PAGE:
This first crop is the output file which at first glance looks promising - the card and the distant hedge are both looking reasonable,but there is a bit of a dark halo around the black lines as well as a thin line in the centre of the black line which is darker than the rest.
Clearly there is detail in the stack that does not make it through the process...
Here is a quick go with two other obvious contenders for focus stacking:
Read on for info on how enfuse and photoshop get it so wrong, and why Helicon focus looks to be the best option.
Enfuse - where did it all go wrong?Enfuse has a nice option to output the masks it uses. With the hardmask option on (and focus stacking without hardmask is not sensible) we get a set of masks which show the selection of individual pixels from each image in the stack. The strange things here is that in almost all areas of the picure it is picking a few pixels from almost every image.
Here are resized images of the masks from the final few images in the stack. The hot spots in the image show that enfuse was sort of getting the right area, but still picks random pixels from pretty much the whole image.
Finally for enfuse here are masks from a few images before the 5m flag was in focus, the in focus image and a few images after. This really just confirms the story, far too much random pixel selection going on for a good result
Photoshop - epic failIt is diffcult to understand what on earth Photoshop thinks it is doing here. Below are a group of adjacent masks from around the centre of the stack. While the overall hotspots are sort of clustered around the right areas, they appear to have been overlaid with what I can only describe as a random splodge generator. I suppose with some stack this might result in an interesting artistic effect, but for what I am trying to do here, this can only be described epic failure.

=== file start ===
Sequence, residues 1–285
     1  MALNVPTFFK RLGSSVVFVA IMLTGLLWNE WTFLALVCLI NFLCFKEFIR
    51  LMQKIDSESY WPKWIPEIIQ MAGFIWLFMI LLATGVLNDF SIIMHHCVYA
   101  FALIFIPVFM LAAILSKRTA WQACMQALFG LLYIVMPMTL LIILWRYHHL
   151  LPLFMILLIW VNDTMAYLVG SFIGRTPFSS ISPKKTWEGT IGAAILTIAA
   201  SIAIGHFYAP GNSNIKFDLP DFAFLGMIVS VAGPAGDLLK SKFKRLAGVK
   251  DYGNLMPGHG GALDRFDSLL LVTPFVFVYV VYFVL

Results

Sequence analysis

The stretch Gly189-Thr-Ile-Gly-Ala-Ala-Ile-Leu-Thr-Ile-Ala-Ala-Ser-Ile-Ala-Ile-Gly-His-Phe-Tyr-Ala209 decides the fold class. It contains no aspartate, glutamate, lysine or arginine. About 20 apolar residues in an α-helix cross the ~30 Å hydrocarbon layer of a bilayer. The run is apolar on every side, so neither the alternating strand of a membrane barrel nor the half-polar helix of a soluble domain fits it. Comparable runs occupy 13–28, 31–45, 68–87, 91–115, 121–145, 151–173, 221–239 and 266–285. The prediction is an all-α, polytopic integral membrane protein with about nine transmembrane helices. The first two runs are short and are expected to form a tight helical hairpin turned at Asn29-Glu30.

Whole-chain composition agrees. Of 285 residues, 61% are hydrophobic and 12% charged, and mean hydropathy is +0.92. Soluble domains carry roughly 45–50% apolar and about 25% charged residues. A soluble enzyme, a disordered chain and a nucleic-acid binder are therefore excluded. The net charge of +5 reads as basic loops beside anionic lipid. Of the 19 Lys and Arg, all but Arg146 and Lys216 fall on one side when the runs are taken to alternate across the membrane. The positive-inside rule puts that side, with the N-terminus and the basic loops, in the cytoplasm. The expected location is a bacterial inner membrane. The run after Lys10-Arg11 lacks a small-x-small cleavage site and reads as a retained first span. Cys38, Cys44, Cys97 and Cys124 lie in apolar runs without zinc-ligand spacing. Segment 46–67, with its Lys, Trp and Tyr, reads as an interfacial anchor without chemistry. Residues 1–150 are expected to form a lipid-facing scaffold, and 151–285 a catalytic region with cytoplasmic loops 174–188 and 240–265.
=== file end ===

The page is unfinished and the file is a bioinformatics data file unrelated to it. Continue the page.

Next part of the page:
Helicon focusWell many folks say this is the best answer, and the default try gave by far the best results so far. The depth mask which it can output are a very good guide to what is going on, in that each shade of gray represents a layer used to populate the final image, so they are a sort of combined version of the masks I've shown above.
Method C - pyramidPyramid mode shows a tendency to flip between images on the cards, and also on the sloping tape measure in the foreground
Method B - depth map (default)This is the method used for the example at the top of this post. It looking pretty good, but is still not perfect - for example it misses the cable running across the top
Method A - weighted averageOverall this isn't really helping - depth map is stil;l the best.
The depth map method here is looking pretty good, but not perfect, so two things could help - changing the parameters used by this method / retouching in Helicon